Five ways to reduce noise pollution from your car
A quiet drive helps the environment and gives you and your passengers a better time on the roads too.
Whether you’re new to driving or you’ve just bought another car, keeping things quiet is also one of your main responsibilities behind the wheel.
If your car is too noisy, you could even be reported for creating vehicle nuisance, which is something that the police take extremely seriously. Even if you’re not taking part in street racing or performing noisy tricks, unknown mechanical issues can make your car sound much louder to passersby and residents.
No matter the age or condition of your car, it’s always worth knowing how to keep the noise to a minimum while you’re getting from A to B.
Why is reducing traffic noise pollution in the UK so important?
Traffic noise pollution has a profoundly negative effect on natural environments and local communities. Along with the harm they cause to delicate ecosystems and the wildlife within them, traffic noise is unpleasant and burdensome for people living in polluted areas.
According to a recent study by the UK Health Security Agency, at least 40% of all adults in England have been exposed to long-term road traffic noise at levels exceeding 50 decibels on average. In addition to general annoyance and sleep disturbance, repeated exposure to road noise has been linked to an increased risk of health conditions like stroke, depression, and anxiety.
For the health of the public and the safety of those travelling in cars, we should all work towards lower noise pollution levels.
Five simple ways to reduce noise pollution
#1 - Choose quieter tyres
All tyres sold in the EU and UK are supplied with noise ratings. The UK government sets limits on the noise levels a set of tyres can produce, so all models must comply. Some tyres are still louder than others, though, so it’s a good idea to choose those that fit into a lower noise category.
All tyres normally make a gentle humming sound. Several factors can contribute to a louder experience though: these include aggressive driving styles, tyre damage, uneven tread wear, and unbalanced tread depths and patterns.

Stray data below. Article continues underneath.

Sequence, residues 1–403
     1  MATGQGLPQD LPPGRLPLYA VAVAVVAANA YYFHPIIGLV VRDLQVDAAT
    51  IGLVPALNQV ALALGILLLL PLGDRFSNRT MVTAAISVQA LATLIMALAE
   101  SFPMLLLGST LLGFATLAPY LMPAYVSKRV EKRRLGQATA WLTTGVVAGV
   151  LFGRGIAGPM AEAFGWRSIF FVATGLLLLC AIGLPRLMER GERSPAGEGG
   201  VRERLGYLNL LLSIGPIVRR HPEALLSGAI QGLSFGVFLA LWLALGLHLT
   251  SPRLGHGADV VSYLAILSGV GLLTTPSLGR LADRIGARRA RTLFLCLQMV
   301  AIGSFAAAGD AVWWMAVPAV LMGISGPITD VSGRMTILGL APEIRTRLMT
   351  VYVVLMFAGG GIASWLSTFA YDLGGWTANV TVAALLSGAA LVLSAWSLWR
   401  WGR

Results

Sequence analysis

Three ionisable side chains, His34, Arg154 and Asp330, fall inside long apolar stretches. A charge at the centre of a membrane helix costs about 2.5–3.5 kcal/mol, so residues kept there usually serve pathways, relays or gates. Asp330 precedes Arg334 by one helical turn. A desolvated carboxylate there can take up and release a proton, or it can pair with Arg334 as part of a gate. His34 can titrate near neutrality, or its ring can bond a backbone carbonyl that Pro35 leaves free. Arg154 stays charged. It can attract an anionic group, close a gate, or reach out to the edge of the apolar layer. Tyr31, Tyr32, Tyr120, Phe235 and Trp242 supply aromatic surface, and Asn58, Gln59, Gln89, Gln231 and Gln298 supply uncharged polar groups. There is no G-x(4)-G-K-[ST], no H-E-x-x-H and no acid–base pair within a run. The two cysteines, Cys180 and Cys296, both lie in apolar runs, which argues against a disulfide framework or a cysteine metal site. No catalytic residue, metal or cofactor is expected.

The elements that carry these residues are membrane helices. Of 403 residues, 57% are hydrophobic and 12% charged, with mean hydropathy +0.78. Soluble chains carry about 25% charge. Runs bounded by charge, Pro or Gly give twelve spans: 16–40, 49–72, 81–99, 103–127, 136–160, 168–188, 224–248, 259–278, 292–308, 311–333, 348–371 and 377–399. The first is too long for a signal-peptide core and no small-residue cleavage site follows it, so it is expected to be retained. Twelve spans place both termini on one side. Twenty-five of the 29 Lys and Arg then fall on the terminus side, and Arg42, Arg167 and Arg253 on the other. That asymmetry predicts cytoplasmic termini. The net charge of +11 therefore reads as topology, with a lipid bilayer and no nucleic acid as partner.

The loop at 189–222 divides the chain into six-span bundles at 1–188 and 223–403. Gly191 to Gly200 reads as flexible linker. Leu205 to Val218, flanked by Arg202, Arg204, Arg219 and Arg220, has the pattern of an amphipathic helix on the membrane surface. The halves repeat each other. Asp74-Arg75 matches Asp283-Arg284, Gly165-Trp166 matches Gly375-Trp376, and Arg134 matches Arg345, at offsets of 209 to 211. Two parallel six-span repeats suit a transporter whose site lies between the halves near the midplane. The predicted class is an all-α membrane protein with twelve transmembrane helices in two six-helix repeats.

It’s still important to choose a tyre that suits your driving style and budget, though. If you’re looking for an all-rounder, Yokohama tyres suit any car and can be used through all four seasons, making them a solid mid-range contender.
#2 - Maintain your car
Looking after your car could help deliver a quieter driving experience. Excess dirt and debris can create noise at speed. Additionally, regular tyre checks naturally ensure that your tyre pressure and tread depth remain at safe and quiet levels for every drive.
#3 - Use soundproofing materials
Did you know that the way you furnish your car could lead to a quieter experience behind the wheel? If you’ve noticed that your car seems unexpectedly louder, it’s certainly worth identifying which interior and exterior materials are creating the noise.
You could upgrade the insulation and soft furnishings, opting for noise-absorbing materials and soundproofing options where possible. Modifications to the vehicle itself like quieter exhausts could help, but you need to make sure that any changes you make are safe and legal.
#4 - Drive as smoothly as possible
The way you drive your car will influence the noise levels and its environmental impact too. If you’re driving an older car with a typically noisy engine like a large, turbocharged diesel, it’s more likely to be noisier than other models to start with.
It’s worth getting familiar with the quietest cars on the market. If possible, choosing an electric vehicle will guarantee smoother, quieter driving inside and outside the cabin.
#5 - Plan your routes and travel times carefully
Lastly, getting organised before you drive could help you to reduce your noise pollution output. Try to avoid congested and typically busy routes, especially at peak periods or during the usual rush hour. And when you can, try to use public transport or commute on your bike instead!